2012 USC Libraries Scripter Award Gala
“Adaptations sometimes bring so many more readers that I never would have,” said "The Descendants" author Kaui Hart Hemmings, who won over “A Dangerous Method,” “Jane Eyre,” “Money Ball” and “Tinker, Tailor, Soilder, Spy.”
Her novel, set in Hawaii about how a father and his two children cope with betrayal, was published in 2007. Screenwriters Alexander Payne, Nat Faxon and Jim Rash adapted it this year, and George Clooney played the lead role.
“We are looking for, in essence, kind of three things at one time,” said Howard A. Rodman, the co-chair of the award selection committee. “We are looking for really, really good books, we are looking for really, really good screenplays and then we are looking for those screenplays that are really good adaptations of really good books.”
The Scripter Literary Achievement Award went to Paul Haggis, a screenwriter, producer and director who won two Academy Awards for the 2005 film “Crash.” He also received the Scripter Award in 2005 for “Million Dollar Baby.”
Haggis said it was nice to receive the award.
"I struggle every day to write a decent story," he said.
A cocktail party kicked off the black-tie evening at the lobby of Doheny Library. Over 130 guests, either working in the film industry or at USC, gradually filled the lobby.
The reference room on the first floor was transformed into a banquet hall with white roses, candles and a band. But the full bookshelves on the wall reminded guests that it was a unique party.
The dinner started in memoriam of Hal Kanter, an Emmy-winning writer, producer and director and Charles R. Ritcheson, a USC librarian and professor. Dean of the USC libraries Catherine Quinlan then addressed the importance of libraries in the university, and welcomed Paul Haggis as Scripter Literary Achievement Award winner.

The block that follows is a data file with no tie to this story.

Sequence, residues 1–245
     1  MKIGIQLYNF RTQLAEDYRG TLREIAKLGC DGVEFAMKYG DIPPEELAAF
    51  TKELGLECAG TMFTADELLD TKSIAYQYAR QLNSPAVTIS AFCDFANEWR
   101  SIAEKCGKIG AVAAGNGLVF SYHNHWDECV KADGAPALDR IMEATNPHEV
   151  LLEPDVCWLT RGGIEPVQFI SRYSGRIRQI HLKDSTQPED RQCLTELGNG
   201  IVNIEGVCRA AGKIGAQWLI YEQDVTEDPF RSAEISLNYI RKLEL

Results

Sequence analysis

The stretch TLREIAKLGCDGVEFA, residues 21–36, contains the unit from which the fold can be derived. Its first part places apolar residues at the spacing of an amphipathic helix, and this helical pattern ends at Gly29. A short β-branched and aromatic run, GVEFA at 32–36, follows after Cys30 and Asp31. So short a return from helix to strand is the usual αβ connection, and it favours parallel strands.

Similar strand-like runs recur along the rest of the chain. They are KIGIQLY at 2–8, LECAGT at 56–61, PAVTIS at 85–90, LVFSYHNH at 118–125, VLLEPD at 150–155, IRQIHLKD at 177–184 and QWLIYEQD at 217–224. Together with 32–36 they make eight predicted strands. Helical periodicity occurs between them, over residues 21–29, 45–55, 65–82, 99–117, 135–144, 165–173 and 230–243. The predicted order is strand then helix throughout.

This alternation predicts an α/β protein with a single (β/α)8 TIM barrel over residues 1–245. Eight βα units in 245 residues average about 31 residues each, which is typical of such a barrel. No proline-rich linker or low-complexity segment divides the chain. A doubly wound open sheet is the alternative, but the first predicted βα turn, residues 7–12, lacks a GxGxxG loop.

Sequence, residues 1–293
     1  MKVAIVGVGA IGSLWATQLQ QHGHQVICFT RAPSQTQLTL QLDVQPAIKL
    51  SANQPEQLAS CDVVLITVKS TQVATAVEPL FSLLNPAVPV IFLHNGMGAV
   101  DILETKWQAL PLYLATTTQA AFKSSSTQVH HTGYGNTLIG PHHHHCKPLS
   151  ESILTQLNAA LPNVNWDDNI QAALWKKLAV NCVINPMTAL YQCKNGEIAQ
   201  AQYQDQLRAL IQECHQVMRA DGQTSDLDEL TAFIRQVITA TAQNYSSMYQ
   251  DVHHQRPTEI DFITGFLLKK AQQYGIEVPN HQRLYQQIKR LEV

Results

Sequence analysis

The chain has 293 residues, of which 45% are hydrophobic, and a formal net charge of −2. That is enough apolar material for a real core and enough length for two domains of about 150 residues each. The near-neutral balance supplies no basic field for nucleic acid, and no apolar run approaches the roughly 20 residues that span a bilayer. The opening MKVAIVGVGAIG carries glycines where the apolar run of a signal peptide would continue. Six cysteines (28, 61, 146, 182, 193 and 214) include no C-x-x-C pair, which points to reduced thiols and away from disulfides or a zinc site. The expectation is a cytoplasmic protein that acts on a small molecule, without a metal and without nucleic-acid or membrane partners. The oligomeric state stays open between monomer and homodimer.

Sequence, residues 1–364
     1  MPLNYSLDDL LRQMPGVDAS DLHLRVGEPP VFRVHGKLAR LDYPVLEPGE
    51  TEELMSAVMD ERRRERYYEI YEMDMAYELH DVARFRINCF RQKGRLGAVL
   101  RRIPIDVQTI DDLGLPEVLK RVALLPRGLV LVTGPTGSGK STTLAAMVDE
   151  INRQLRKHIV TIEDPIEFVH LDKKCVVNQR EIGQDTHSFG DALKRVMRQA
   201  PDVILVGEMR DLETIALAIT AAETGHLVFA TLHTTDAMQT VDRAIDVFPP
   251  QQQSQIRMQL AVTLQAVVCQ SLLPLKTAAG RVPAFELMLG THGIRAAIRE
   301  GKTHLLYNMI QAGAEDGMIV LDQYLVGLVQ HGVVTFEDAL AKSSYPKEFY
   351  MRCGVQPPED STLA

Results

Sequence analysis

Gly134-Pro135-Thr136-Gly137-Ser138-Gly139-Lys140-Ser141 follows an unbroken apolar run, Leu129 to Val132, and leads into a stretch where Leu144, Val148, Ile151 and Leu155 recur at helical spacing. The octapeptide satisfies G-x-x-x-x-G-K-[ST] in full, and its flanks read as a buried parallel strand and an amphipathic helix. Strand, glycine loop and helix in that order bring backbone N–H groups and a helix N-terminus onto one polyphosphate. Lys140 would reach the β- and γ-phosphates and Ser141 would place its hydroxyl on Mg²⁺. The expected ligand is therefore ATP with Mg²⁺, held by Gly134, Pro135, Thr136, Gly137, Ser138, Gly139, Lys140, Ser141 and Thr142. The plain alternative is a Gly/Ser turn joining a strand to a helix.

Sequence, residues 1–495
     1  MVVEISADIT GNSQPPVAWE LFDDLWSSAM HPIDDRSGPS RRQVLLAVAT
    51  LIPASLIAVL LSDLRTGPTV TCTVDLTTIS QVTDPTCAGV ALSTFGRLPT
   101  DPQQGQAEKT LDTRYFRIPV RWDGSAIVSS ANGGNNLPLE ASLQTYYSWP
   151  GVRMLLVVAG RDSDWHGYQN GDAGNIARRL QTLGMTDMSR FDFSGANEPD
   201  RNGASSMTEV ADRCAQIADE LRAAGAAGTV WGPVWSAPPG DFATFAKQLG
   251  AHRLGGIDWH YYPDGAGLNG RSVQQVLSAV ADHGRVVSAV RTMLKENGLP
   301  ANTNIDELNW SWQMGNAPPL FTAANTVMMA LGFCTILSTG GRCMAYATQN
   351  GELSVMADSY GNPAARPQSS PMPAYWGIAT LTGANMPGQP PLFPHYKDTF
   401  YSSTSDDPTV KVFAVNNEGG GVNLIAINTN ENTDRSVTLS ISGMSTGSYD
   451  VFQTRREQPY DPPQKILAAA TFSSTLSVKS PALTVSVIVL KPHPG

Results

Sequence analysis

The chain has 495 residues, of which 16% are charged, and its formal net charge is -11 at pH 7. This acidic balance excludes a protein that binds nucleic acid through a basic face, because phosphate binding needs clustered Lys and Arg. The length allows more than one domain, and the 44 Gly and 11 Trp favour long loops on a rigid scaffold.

“Mr. Haggis addresses difficult and challenging questions in his work—race, class, conflict, and the visible and invisible strctures that divide one segment of society from another,” she said.
She then raised a “serious” question to all the talents in the film industry: why isn't there a librarian film?
The highlight of the evening came with deserts. After a brief review of the five finalists, “The Descendants” was announced as the winner. Screenwriter Jim Rash answered Dean Quinlan’s question: we just pitched a librarian film during the dinner.
"The Social Network" won the award last year and it went on to win the Oscar for adapted screenplay.
This year's finalists:
- Christopher Hampton for “A Dangerous Method,” adapted from the nonfiction book “A Most Dangerous Method: The Story of Jung, Freud, and Sabina Spielrein” by John Kerr and the 2002 stage play The Talking Cure by Hampton;
- Alexander Payne, Nat Faxon and Jim Rash for “The Descendants,” adapted from Kaui Hart Hemmings’ novel (itself an expansion of her first published short story, “The Minor Wars”);
- Moira Buffini for “Jane Eyre,” adapted from the 1847 book by Charlotte Brontë;
- Steven Zaillian, Aaron Sorkin and Stan Chervin for “Moneyball,” based on Michael Lewis’ book “Moneyball: The Art of Winning an Unfair Game;”
- Bridget O’Connor and Peter Straughan and author John le Carré for “Tinker, Tailor, Soldier, Spy.”
Last night, the 24th-Annual Scripter Awards were held at USC's Doheny Library. The nominees were the writers of "A Dangerous Method," "The Descendants," "Jane Eyre," "Moneyball," and "Tinker, Tailor, Soldier, Spy." At the end of the night, "The Descendants" took home the coveted USC Scripter Award for writing.